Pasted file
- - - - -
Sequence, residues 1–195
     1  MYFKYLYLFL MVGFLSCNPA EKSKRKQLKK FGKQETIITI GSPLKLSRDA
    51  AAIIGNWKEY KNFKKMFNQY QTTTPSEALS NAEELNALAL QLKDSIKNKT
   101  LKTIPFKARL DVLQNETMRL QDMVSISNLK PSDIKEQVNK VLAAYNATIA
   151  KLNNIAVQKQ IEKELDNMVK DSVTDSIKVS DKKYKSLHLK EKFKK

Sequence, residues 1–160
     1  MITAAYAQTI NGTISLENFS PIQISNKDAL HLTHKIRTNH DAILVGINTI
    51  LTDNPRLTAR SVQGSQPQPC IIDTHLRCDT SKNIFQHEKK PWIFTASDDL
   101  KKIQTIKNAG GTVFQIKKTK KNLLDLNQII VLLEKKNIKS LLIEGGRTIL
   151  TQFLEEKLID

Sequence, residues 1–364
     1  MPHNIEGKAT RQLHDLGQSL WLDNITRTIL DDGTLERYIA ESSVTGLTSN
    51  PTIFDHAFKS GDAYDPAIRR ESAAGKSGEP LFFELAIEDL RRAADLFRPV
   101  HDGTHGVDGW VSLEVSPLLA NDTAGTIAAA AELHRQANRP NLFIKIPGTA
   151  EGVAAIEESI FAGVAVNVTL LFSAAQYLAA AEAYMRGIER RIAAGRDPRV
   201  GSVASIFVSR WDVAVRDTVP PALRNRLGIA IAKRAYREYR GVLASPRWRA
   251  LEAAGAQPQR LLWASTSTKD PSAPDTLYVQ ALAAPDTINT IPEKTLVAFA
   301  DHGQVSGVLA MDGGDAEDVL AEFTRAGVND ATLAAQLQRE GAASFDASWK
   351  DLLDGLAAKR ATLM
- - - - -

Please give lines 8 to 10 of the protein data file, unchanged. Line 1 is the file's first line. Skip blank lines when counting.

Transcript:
    51  LTDNPRLTAR SVQGSQPQPC IIDTHLRCDT SKNIFQHEKK PWIFTASDDL
   101  KKIQTIKNAG GTVFQIKKTK KNLLDLNQII VLLEKKNIKS LLIEGGRTIL
   151  TQFLEEKLID